All three of my kids have been fans of Corduroy since they were toddlers, possibly because I was a fan way before they were even born. It’s impossible not to fall for the endearing, mild-mannered stuffed bear created by prolific author, illustrator, and painter Don Freeman. His two books starring the lovable bear—Corduroy and A Pocket for Corduroy—are among the author’s best-known works.
Naturally, when I learned that The Museum of the City of New York, one of my family’s favorite NYC destinations, was opening a new exhibit dedicated to Corduroy and a curated collection of Don Freeman’s other works celebrating NYC, I knew I’d be first in line. The exhibit is a loving tribute to Freeman, whose affection for New York City is evident in masterful works that display the intricacies and liveliness of a city like no other. A City for Corduroy: Don Freeman’s New York is an engaging, colorful display and makes for a wonderful outing for little ones and grownups alike—a fitting tribute to celebrate the 50th anniversary of Corduroy.
Young fans of Freeman’s children’s books will instantly spot Corduroy and other characters throughout the exhibit.
A City for Corduroy: Don Freeman’s New York, the first major exhibition devoted to Freeman’s works depicting NYC, is located on the second floor of the Museum of the City of New York. Young fans of Freeman’s children’s books will instantly spot Corduroy and other characters throughout the exhibit. If all of Freeman’s works are new to you and your little ones, you’re in for a treat. The exhibit features around 50 works using various media including oil paintings, sketches, lithographs, watercolors, etc. All celebrate NYC through Freeman’s eyes.
The exhibit is arranged in three sections: City Life, Stage Life, and Corduroy and Friends. As you move through the pieces, you get the sense you’re peeking through a window of yesteryear’s NYC. The artwork is whimsical and full of stunning detail, some evoking the vibrancy and chaos of the city, while others depict the city’s quieter, reflective moments. In Freeman’s words, being a part of New York City “was a privilege that brought with it a living proof…that all people could live together if they but would.”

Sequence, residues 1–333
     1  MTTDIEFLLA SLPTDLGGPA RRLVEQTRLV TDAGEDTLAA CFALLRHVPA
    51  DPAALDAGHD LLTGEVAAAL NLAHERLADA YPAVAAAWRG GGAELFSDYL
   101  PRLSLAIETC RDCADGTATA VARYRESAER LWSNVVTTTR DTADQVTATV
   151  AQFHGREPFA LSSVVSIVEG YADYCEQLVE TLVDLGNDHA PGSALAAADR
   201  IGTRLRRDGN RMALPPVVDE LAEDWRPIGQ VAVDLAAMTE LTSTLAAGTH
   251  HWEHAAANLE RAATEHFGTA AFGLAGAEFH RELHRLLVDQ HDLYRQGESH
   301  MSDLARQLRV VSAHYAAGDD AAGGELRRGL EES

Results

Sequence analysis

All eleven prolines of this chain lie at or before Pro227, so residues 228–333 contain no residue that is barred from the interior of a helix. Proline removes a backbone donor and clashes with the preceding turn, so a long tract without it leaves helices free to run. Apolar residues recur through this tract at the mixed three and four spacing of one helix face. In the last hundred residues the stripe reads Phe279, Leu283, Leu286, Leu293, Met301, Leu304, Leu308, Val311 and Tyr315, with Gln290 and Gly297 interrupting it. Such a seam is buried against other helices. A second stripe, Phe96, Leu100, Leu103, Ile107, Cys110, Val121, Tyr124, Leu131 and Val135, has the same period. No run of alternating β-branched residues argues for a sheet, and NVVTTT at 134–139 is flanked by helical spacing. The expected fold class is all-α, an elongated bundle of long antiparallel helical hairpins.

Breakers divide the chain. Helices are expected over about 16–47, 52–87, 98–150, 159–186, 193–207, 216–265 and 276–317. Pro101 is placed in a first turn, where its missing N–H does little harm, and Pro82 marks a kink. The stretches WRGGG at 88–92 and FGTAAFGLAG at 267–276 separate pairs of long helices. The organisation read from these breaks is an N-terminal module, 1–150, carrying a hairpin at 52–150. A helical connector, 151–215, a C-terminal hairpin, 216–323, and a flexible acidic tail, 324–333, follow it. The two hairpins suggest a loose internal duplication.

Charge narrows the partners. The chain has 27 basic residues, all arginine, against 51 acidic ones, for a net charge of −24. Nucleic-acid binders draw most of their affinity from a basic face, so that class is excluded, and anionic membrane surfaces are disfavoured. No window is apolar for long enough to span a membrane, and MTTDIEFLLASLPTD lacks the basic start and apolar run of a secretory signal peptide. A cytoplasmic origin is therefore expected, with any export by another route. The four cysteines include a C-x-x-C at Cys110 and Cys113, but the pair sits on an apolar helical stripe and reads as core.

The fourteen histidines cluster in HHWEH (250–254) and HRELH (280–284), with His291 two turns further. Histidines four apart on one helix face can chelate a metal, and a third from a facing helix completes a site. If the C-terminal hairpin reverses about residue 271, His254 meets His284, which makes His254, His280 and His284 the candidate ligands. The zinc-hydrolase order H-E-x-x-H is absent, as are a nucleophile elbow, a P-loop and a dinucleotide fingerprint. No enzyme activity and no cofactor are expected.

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Kids can while away the afternoon reading classic tales on a stage fashioned after one featured on the cover of Pet at the Met.
Many might be surprised to learn that Freeman’s career reached way beyond children’s books. He published his own magazine, Newsstand, and his artwork graced the pages of The New York Times, Theatre Magazine, and others. He created theatrical posters and, in 1947, produced the Playbill art for the original Broadway production of A Streetcar Named Desire. Still, he is best-known today as the author of the classic children’s books Corduroy and A Pocket for Corduroy. Both follow the lovable bear, whose sensible take on the world is a wonderfully sweet reminder that one of the greatest joys in life is friendship. The books feature an African-American girl as Corduroy’s friend, remarkable at the time, as few books of the time featured America’s true diversity.
The Corduroy and Friends section of the exhibit features early drafts from Freeman’s NYC-centered stories including Pet of the Met (1953), Norman the Doorman (1959), Corduroy (1968), Hattie the Backstage Bat (1970), and A Pocket for Corduroy (1978). Kids can while away the afternoon reading these classic tales on a stage fashioned after the one featured on the cover of Pet at the Met.
While you’re there, don’t forget to explore the rest of the museum, including the museum's permanent exhibit New York at its Core. Also, be sure to check for ongoing family-friendly events.
A City for Corduroy: Don Freeman’s New York is now open and runs through Sunday, June 23, 2019 at the Museum of the City of New York. The museum is located at 1220 Fifth Avenue at 103rd Street and is open daily from 10am-6pm. Suggested admission is $18 for adults and FREE for ages 19 and under.
Photos by the author